Dying cells send signal to stimulate new cells in birds

Scientists have discovered new neuron growth each spring in songbirds that starts with a signal from the expiring cells from the previous fall that primes the brain to start producing stem cells.

Dying cells send signal to stimulate new cells in birds

New York: Scientists have discovered new neuron growth each spring in songbirds that starts with a signal from the expiring cells from the previous fall that primes the brain to start producing stem cells.

If scientists can further tap into the process and understand how those signals work, it might lead to ways to exploit these signals and encourage replacement of cells in human brains that have lost neurons naturally because of ageing, severe depression or Alzheimer's disease.

Neuroscientists have long known that new neurons are generated in the adult brains of many animals but the birth of new neurons - or neurogenesis - appears to be limited in mammals and humans.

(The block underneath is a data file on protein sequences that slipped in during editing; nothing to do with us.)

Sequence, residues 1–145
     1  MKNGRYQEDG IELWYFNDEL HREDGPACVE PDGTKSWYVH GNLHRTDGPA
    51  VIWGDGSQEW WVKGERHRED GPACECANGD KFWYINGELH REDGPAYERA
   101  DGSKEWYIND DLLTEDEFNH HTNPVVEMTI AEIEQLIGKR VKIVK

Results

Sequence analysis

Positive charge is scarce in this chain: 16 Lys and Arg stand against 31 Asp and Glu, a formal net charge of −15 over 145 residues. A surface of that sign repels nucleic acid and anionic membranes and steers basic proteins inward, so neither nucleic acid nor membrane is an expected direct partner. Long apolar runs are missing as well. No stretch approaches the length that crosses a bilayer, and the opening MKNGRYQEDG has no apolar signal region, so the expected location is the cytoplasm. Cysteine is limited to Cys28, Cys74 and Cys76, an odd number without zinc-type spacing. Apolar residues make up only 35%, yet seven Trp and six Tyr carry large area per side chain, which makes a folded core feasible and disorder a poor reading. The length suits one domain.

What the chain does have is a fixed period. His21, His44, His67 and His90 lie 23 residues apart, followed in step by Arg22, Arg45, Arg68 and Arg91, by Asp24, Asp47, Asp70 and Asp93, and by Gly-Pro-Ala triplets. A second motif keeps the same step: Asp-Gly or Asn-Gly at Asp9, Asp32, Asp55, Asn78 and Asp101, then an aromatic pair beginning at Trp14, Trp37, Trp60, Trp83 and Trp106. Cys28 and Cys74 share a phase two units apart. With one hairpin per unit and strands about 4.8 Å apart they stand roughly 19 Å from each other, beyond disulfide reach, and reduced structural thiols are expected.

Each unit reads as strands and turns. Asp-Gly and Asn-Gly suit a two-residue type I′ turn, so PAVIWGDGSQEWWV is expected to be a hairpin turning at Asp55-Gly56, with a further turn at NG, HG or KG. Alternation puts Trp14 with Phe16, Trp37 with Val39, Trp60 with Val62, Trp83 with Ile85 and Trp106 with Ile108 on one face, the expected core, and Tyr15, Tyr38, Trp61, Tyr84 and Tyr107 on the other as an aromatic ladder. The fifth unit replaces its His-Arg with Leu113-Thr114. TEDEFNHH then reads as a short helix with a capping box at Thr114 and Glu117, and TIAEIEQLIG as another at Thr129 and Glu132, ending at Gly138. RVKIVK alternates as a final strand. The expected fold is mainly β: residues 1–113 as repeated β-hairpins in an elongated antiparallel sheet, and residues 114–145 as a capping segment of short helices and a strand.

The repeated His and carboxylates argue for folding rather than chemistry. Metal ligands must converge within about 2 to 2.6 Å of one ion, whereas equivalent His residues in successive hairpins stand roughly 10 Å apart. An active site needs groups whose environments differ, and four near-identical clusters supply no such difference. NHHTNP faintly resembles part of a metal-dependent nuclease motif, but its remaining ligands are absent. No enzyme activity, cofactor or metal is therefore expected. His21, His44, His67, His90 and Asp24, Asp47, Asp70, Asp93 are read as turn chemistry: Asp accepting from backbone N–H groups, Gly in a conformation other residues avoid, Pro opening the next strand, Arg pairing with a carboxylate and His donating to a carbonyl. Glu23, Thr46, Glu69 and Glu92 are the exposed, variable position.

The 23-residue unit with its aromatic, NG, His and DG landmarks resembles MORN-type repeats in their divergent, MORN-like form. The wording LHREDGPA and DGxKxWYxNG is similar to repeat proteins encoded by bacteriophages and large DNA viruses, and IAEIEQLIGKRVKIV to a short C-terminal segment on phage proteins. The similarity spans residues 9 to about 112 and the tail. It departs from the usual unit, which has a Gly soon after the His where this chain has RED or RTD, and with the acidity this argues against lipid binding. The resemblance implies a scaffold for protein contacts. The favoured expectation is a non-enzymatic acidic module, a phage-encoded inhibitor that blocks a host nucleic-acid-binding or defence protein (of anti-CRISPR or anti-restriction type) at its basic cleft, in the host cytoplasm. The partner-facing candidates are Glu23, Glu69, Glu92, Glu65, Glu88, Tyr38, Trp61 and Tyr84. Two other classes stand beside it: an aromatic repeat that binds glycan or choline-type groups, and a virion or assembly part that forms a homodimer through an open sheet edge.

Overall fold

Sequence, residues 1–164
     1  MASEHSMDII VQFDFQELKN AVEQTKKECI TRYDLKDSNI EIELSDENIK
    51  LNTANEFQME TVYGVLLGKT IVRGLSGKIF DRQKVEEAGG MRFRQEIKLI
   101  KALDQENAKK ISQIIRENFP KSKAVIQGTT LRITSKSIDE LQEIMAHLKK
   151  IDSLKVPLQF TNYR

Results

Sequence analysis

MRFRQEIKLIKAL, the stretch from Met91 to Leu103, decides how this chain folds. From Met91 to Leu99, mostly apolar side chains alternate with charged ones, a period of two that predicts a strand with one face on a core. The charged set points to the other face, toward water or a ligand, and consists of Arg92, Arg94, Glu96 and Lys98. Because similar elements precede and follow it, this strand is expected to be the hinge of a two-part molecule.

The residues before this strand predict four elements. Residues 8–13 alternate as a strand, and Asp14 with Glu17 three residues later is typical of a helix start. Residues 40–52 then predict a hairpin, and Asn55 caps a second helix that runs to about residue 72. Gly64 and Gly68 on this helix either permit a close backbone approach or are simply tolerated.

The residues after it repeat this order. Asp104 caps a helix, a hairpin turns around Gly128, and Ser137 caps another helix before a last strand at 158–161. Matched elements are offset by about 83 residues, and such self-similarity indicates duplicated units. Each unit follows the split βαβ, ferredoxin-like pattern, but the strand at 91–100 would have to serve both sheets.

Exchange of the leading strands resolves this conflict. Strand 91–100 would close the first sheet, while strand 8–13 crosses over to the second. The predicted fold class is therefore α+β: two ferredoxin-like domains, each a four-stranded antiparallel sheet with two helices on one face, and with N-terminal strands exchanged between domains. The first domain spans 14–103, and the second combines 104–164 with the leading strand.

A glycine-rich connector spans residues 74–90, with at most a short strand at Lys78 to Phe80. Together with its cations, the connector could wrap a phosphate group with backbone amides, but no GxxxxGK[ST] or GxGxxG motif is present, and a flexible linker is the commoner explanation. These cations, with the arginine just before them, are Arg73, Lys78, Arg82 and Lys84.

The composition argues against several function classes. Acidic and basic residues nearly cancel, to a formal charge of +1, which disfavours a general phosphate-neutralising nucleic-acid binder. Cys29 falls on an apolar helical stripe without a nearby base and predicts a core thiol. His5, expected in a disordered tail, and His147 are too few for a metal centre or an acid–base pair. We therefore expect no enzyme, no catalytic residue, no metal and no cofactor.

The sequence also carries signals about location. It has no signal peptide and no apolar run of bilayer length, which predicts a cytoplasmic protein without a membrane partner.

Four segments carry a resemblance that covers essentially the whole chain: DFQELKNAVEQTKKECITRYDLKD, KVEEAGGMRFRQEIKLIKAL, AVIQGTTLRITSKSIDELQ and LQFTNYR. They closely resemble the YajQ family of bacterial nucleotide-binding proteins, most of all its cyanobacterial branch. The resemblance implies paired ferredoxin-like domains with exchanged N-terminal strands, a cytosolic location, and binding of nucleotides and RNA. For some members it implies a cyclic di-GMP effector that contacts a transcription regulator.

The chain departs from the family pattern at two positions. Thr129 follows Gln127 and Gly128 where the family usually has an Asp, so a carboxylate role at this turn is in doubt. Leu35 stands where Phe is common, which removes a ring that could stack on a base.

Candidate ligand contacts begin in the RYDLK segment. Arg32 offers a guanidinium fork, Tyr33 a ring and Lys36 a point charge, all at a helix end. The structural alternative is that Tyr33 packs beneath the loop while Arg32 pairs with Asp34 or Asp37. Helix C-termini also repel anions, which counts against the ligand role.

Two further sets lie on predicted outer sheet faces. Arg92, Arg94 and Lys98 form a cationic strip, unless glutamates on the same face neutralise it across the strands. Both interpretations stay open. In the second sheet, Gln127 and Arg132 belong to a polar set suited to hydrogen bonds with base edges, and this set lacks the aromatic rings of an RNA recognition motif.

"Many neuro-degenerative disorders are not injury-induced so it is critical to determine if and how reactive neurogenesis occurs under non-injury-induced neuro-degenerative conditions," said Tracy Larson, a doctoral student in biology at the University of Washington.

The researchers worked with Gambel's white-crowned sparrows, a medium-sized species that breeds in Alaska, and then go to California and Mexico in winters.

Brain cells that multiply to help birds sing their best during breeding season are known to die naturally later in the year.

As the hormone levels decrease, the cells in the part of the brain controlling song no longer have the signal to stay alive.

Those cells undergo programmed cell death - or cell suicide as some call it.

As those cells die it is likely they are releasing some kind of signal that somehow gets transmitted to the stem cells that reside in the brain.

The signal then triggers those cells to divide and replace the loss of the cell that sent the signal to begin with.

"There is no reason to think what goes on in a bird brain does not also go on in human brains," added co-author Eliot Brenowitz, a professor of psychology.

"As far as we know, the molecules are the same, the pathways are the same, the hormones are the same. That's the ultimate purpose of all this, to identify these molecular mechanisms that will be of use in repairing human brains," he emphasised.

The paper appeared in the Journal of Neuroscience.